(All Album Reviews by I.M. Weasel)
The ConstruKction of Light, released in mid-2000, is the first studio album of King Crimson material since 1995's THRAK. However, KC certainly weren’t silent in the time between, touring as the "double trio", then breaking up into 4 sub-groups called "The ProjeKcts". The lineup on this album features: Adrian Belew on Guitar and Vocals, Robert Fripp on Guitar, Trey Gunn on Bass Touch Guitar and Baritone Guitar, and Pat Mastelotto on electronic/acoustic drums. TCOL is a strange album, because usually KC are such a forward-thinking band, yet there are numerous references to their past, such as "FraKctured", "Larks Tounges in Aspic", and references to other KC songs like "Elephant Talk" (in ProzaKc Blues) and "Frame by Frame" (in "The Worlds My"...etc). However, these accounts of the past do not diminish the impact of the songs. Belew's lyric writing, though still excellent, seems to have taken on a somewhat darker tone as well, especially in "Coda: I have a Dream". Fripp is pretty much what you would expect him to, which is nothing short of great. Trey Gunn is one of the real surprises here, he originally joined KC in 94 as part of the double trio but seemed to take a backseat to Tony Levin, but here he really shines. Pat Mastelotto is a masterful drummer, with his talents coming through despite his use of electronic percussion. TCOL, in my opinion, is almost like the Discipline of the new millenium, no so much that it copies the format of the aforementioned album, but that TCOL contains the building blocks for a new type of music, much like Discipline does.
TCOL starts off with "ProzaKc Blues", though this is hardly what you would call a normal blues number. How many blues songs feature odd time signatures, soundscapes, and wild guitars courtesy of Adrian Belew? The lyrics are hysterical (I recommend a fifth of jack and a bottle of prozac) and the way Belew sings with a low raspy voices add another touch of hilarity to the song. When I first heard this album it was automatically my favorite.
The album then rolls into "The ConstruKction of Light" that seems to hearken back to the interlocking guitar days of the 1980s; infact this song for me at least has a very 80s Crimson feel to it for me, which is definitely not a bad thing.
The comes along "Into the Frying Pan" which features some excellent playing by Belew and some more of his somewhat whimsical lyrical style, though this seems to take on a darker tone. I suppose that the meaning of this song is just basically "life sucks sometimes".
The album then creeps along into "FraKctured". This song is supposedly based on Fracture from the album Starless and Bible Black, but I have yet to hear that album so I cant make many comparisons to the original. What I can say is that Fripp really shines on this track. It starts out as a sleepy ride down a dark yet quiet river, then immediately you are plunged into rapids. Trey Gunn's playing on this song is outstanding as well.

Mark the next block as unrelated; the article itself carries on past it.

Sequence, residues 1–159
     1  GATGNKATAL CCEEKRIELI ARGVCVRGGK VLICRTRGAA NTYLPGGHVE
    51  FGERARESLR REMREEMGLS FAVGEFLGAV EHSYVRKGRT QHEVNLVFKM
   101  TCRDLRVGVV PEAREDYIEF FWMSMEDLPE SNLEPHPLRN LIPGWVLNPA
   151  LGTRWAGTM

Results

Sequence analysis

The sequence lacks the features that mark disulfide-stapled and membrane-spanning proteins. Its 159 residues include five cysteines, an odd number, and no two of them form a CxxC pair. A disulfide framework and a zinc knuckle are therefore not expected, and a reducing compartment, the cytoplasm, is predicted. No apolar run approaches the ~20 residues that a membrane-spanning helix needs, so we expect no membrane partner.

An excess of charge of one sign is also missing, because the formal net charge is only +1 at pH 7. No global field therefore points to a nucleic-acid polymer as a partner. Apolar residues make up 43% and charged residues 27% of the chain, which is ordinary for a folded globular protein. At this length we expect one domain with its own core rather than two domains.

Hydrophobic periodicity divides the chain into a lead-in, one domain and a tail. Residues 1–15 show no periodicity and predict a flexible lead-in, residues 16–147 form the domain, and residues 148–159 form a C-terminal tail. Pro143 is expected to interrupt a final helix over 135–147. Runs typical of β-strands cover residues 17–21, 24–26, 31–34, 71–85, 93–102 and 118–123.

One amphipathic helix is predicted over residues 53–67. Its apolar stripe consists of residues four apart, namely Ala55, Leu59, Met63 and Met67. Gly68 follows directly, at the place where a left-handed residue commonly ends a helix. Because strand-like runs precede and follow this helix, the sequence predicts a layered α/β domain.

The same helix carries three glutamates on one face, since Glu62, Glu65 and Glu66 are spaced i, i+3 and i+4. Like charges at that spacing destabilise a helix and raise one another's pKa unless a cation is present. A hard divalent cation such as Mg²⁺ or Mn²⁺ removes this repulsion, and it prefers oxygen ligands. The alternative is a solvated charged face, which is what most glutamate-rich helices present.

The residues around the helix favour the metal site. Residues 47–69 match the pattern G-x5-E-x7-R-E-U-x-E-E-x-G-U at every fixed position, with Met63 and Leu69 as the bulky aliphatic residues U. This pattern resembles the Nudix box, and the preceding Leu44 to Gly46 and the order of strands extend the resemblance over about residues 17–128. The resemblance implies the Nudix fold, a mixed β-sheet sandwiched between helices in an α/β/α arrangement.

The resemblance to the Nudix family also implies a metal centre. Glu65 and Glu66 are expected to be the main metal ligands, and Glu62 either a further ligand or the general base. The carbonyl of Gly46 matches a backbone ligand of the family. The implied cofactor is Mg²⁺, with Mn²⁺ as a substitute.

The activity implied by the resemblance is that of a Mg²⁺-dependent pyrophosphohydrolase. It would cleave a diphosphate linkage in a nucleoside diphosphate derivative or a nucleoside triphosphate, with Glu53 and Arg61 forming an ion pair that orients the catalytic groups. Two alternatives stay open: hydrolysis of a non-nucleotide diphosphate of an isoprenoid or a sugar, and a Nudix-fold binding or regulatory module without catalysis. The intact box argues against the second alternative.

The album then swings into "The Worlds My Oyster Soup Kitchen Floor Wax Museum", which is a lyrical word-play in the vein of "Word Play Drum Beat" off Adrian Belews Op Zop Too Wah album. The song features a solo by "Spider Fingers" near the end.
Then comes IMO the best track of the whole album, "Larks' Tounges in Aspic Part IV". This is an extremely dark and heavy ride that just keeps building and building until its final climax "Coda: I have a Dream". LTiA4 features mind blowing solos by Fripp and Belew (how many times have I said that?) and Mastelotto's drumming is incredible here too. When I saw KC live last October on the TCOL tour, Mastelotto was especially stunning. LTiA4 coupled with “I have a Dream” seem to be the new anthem for the 21st century, recollecting on the tragic events of the 20th century and questioning whether or not this is really progress for the human race, "Symbols of our life and times....one giant leap for mankind...". LTiA4 has to be one of the best KC songs in the last 20 years.
The album closes out with a bouns track "Heaven and Earth" from the more improvisational side of KC called ProjeKct X.
TCOL is a great album in my opinion, but it does take a lot of warming up to. Even though I did enjoy the album, I never truely realized how great it was until I saw KC perform it live. On stage they take on a whole new life. Seeing as how you cant go back in time and see the band live, there is an excellent live album Heavy ConstruKction from the European leg of the TCOL tour that I highly recommend.